IBIZA, Spain — Satellite broadband hardware and services provider ViaSat Inc. asked investors Aug. 2 to look past the operating loss for the three months ending June 30 to the day when the company’s Exede satellite broadband service is adding new subscribers at 70 percent gross-profit margins.
In a conference call, Carlsbad, Calif.-based ViaSat said investing in the satellite broadband business means spending now for a payoff that the company said is not far off and well worth the near-term damage to earnings.
“We think this quarter is the bottom, in terms of operating results,” ViaSat Chief Executive Mark Dankberg said, adding that ViaSat’s defense business, which shares some technologies with the commercial division, continues to do well despite the pressure on U.S. defense spending.
“From our perspective, some amount of the budget pressure is a source of opportunity,” Dankberg said, explaining that defense customers are now forced to look for lower-cost, innovative solutions “to replace troubled programs of record.”
ViaSat has staked its near-term business outlook on the use of Ka-band satellite frequencies to provide broadband links to consumers and small businesses, and also to military customers who are adding Ka-band capacity to their mobile platforms.
As the military does this, Dankberg said, ViaSat is benefiting from the synergies between its defense and commercial portfolios. The company’s ViaSat-1 Ka-band satellite, in service since January, is first and foremost aimed at the commercial consumer market. ViaSat believes, and used early subscriber results to demonstrate, that satellite broadband with the new high-throughput satellites like ViaSat-1 can win not only customers in areas without terrestrial broadband but also customers with slow DSL or terrestrial-wireless connections.
As it is for commercial customers, so it should be for military customers, according to ViaSat.
“It is becoming evident that new commercial satellites like ViaSat-1 are not only better than today’s government satellites for broadband applications, but they’re also better than what [the U.S. Defense Department] will have even for the foreseeable future,” Dankberg said.
The three months ending June 30 constituted the first full quarter of Exede service. By that date, ViaSat’s satellite broadband service, Exede and the older, lower-performing WildBlue combined, had 404,000 subscribers.
ViaSat said it added 66,205 Exede subscribers in the three months ending June 30. The trick for the company is how to distinguish new customers being attracted to Exede from heritage WildBlue customers electing to upgrade to Exede.
Because sales agents get lower commissions for booking a WildBlue customer to Exede than they do for finding a new customer, several thousand WildBlue customers were encouraged to register for Exede under new names, or using only initials, to disguise the fact that they were in fact simply upgrading to a better service.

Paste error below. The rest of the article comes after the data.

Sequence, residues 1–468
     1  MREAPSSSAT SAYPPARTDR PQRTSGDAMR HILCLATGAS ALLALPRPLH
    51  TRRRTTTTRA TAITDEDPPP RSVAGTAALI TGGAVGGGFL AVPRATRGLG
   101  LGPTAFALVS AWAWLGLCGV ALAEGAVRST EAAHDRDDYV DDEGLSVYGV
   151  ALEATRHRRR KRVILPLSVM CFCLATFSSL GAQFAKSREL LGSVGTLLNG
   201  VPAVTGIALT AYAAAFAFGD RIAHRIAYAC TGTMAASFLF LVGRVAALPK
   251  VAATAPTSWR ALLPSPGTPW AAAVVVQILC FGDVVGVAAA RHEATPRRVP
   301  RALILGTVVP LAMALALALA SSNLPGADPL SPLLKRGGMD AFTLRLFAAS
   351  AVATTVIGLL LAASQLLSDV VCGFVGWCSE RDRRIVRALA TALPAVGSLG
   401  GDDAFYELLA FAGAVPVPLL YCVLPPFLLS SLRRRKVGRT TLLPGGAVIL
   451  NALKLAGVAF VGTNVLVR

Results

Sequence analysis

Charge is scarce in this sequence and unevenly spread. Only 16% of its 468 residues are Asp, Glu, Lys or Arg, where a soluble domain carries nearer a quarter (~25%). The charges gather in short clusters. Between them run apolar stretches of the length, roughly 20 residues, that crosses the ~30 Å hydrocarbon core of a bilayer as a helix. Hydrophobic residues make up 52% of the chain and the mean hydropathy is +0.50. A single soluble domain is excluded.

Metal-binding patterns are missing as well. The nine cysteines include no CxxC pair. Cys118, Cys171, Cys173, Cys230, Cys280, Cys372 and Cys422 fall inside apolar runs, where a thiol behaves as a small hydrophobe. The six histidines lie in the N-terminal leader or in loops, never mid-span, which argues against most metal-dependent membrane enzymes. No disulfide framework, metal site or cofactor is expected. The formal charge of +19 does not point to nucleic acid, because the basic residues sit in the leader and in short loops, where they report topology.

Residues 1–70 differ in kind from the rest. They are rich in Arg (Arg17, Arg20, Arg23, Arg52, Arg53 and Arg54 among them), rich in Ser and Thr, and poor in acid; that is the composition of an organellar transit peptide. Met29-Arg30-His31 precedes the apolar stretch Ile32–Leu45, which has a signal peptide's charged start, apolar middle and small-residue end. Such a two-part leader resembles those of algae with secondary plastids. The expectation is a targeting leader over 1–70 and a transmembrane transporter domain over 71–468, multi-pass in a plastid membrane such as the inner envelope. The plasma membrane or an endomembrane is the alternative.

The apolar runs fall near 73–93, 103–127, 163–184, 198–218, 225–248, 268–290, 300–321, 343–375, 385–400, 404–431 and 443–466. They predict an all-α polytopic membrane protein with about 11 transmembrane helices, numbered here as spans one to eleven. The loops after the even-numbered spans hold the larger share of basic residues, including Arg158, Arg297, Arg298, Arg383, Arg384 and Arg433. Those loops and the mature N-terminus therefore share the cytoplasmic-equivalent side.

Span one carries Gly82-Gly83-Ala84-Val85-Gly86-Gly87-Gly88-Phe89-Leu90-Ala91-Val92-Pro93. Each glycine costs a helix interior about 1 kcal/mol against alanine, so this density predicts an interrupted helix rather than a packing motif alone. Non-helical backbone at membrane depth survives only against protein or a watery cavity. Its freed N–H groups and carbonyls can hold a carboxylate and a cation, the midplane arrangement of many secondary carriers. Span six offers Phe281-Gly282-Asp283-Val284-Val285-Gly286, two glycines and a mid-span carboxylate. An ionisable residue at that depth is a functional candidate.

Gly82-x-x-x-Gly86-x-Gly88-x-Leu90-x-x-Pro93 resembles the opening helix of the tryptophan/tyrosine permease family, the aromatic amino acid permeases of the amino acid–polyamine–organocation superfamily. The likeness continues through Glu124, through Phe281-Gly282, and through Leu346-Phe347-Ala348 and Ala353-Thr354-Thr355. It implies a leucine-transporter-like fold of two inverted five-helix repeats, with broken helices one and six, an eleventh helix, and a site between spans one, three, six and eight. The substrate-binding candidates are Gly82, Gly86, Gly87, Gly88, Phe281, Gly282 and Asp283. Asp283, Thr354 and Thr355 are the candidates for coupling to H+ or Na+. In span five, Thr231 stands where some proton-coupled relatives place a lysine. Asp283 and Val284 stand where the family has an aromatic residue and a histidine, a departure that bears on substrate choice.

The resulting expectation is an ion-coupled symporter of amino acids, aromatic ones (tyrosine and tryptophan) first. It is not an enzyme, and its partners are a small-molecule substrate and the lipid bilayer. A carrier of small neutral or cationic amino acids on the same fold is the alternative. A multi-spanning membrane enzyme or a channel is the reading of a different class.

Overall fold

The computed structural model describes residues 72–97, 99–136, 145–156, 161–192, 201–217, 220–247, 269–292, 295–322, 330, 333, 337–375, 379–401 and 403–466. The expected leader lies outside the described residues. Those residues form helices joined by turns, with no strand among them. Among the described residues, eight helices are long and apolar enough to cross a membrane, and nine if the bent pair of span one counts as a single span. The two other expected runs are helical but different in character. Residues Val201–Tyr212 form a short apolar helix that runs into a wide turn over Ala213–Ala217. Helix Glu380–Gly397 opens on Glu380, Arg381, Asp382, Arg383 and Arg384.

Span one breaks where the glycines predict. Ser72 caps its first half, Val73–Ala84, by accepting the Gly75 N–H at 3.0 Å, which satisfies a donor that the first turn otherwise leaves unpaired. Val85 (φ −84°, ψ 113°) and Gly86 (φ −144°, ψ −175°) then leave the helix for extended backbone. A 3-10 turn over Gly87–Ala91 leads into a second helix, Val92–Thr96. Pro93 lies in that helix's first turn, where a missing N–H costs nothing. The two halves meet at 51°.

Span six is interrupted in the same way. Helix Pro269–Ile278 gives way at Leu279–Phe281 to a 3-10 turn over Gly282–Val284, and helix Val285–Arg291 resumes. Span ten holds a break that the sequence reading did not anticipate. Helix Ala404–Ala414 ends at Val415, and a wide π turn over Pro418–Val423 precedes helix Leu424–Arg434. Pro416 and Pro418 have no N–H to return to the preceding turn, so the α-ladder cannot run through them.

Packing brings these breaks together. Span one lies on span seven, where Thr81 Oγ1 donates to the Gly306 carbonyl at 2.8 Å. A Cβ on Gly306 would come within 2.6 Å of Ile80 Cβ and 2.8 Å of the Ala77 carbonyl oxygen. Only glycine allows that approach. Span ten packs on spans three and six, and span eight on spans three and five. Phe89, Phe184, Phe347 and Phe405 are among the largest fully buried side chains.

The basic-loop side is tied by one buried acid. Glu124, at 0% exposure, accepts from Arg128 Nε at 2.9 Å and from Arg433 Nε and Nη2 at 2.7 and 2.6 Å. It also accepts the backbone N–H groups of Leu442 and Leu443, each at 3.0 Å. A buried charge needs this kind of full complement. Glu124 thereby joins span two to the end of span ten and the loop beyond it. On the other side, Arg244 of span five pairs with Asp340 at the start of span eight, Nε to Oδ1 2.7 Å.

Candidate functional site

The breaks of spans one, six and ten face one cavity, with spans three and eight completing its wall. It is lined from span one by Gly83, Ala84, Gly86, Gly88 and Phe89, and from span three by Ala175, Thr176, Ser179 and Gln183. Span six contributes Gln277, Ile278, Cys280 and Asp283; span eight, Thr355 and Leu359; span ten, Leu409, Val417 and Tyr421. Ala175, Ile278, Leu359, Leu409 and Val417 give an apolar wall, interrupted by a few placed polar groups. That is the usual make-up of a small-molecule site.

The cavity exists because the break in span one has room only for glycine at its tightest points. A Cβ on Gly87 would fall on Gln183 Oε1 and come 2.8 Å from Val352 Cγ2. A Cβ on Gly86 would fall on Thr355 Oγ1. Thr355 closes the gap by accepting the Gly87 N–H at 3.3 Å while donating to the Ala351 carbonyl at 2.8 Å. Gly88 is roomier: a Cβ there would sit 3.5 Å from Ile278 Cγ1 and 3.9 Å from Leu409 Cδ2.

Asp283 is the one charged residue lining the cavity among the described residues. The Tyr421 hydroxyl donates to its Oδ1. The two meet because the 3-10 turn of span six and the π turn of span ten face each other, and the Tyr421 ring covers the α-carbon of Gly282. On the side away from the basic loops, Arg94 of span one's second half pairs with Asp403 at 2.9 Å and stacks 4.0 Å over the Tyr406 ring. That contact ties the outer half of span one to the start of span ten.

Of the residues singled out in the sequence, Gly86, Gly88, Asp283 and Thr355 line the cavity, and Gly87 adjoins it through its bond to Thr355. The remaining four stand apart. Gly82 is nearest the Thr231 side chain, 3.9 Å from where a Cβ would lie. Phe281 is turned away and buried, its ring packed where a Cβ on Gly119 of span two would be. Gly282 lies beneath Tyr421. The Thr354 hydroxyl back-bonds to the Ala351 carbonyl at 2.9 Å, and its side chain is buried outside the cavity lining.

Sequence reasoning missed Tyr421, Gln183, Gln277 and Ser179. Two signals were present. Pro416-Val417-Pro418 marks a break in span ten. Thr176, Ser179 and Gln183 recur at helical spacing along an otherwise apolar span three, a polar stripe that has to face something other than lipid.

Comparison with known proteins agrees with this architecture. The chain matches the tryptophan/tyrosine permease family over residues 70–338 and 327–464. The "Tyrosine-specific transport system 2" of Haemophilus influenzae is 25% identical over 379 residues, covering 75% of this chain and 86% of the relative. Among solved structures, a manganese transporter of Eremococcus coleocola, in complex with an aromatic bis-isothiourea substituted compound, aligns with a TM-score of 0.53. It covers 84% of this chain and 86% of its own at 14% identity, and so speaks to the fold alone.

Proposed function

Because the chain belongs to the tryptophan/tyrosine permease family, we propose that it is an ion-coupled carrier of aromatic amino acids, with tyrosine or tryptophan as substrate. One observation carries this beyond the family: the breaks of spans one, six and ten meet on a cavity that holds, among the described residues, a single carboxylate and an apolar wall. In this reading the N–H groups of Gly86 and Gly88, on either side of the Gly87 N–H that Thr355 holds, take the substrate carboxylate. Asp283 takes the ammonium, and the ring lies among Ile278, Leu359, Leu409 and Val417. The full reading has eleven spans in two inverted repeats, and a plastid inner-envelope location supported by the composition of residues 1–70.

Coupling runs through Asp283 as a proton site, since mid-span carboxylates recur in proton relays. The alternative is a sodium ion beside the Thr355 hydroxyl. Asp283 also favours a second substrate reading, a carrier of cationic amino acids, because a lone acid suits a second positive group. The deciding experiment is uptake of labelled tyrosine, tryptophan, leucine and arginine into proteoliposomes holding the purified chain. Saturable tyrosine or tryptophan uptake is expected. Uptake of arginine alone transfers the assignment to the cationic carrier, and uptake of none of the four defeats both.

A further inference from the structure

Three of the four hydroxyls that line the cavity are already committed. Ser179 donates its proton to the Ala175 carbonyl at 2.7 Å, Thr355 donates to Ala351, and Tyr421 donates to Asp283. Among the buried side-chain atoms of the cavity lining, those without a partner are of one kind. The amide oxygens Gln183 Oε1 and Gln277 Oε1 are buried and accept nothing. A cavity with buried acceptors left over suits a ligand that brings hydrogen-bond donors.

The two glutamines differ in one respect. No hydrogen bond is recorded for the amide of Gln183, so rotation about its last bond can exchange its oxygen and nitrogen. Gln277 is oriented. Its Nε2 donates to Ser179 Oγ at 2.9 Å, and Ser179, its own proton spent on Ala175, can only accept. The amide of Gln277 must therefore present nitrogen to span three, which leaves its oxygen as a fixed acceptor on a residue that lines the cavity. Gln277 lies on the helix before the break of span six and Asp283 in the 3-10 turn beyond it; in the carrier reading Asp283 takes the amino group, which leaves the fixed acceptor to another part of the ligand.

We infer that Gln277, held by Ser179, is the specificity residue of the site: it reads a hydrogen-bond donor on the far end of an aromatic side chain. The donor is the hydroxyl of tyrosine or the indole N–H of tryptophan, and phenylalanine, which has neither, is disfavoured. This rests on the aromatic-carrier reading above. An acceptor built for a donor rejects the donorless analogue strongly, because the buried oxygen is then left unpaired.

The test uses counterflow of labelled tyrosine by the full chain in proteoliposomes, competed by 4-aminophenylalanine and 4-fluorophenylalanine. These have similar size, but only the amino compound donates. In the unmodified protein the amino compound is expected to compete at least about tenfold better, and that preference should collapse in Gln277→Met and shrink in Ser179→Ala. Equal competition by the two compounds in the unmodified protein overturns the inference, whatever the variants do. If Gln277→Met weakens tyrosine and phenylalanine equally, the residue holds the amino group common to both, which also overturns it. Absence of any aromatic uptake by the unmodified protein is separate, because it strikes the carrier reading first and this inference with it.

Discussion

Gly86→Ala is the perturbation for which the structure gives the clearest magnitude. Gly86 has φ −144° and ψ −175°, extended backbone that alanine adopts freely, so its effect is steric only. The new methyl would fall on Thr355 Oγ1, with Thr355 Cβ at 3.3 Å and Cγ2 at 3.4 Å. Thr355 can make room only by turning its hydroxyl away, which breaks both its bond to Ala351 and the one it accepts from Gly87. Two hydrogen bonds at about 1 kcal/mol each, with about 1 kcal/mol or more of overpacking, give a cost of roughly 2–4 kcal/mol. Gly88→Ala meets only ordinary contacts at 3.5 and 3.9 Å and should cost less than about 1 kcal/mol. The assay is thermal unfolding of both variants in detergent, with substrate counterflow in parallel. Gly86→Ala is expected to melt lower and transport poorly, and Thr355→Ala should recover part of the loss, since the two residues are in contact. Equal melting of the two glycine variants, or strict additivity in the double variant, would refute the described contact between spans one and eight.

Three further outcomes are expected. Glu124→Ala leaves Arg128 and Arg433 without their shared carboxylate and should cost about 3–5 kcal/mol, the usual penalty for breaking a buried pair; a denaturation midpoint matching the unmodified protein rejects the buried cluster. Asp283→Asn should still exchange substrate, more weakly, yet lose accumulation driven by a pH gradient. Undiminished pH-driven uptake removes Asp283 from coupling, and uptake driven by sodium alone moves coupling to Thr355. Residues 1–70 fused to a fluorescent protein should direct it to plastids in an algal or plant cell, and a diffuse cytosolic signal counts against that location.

Dankberg said it took ViaSat a while to see through this and take steps to better determine heritage customers from new ones.
The bad news for ViaSat is that early Exede customer data for new subscriptions turn out to have been exaggerated. The good news is that early data on “churn,” which means customers quitting the service, were also exaggerated, as many of these homes were upgrading under different names.
Stripping out the upgrades, ViaSat concluded that it booked 20,000 new Exede customers in the three months ending June 30. The average monthly revenue from WildBlue and Exede customers combined is $46.44.
It costs ViaSat a total of around $700 to sign up each new customer. Two-thirds of that figure is the cost of the broadband satellite equipment. The remaining costs are divided about evenly between marketing and advertising, and sales commissions.
“We expect that [new-subscriber figure] to grow meaningfully for the next few quarters,” Dankberg said. The company has now loaded about 100,000 total subscribers onto the ViaSat-1 satellite.
Dankberg said it will take Exede several quarters before it works through what he called a “bubble” of WildBlue customers who elect to pay $50 per month for 12 megabits-per-second downlink speeds instead of half a megabit per second.
ViaSat had been expected to order a ViaSat-2 satellite by July. Dankberg said the company is negotiating the “price and terms” of a ViaSat-2 contract, which industry officials had expected would be signed by now with Lockheed Martin Space Systems of Sunnyvale, Calif.
In addition to operating the ViaSat-1 satellite and providing the Exede service, ViaSat sells broadband terminal and Earth station equipment. The company recently won a $240 million order from NBN Co. of Australia for that nation’s broadband rollout, which Dankberg said will make Australia a showcase for other national broadband efforts.
ViaSat’s government systems division reported revenue of $106.3 million in the three months ending June 30, up 23 percent from the same period a year ago.
ViaSat’s overall revenue for the quarter was $241.7 million, up 15.8 percent from a year ago. But the company reported an operating loss of $13.8 million because of research and other expenses related to its Ka-band technology and the cost of adding Exede subscribers.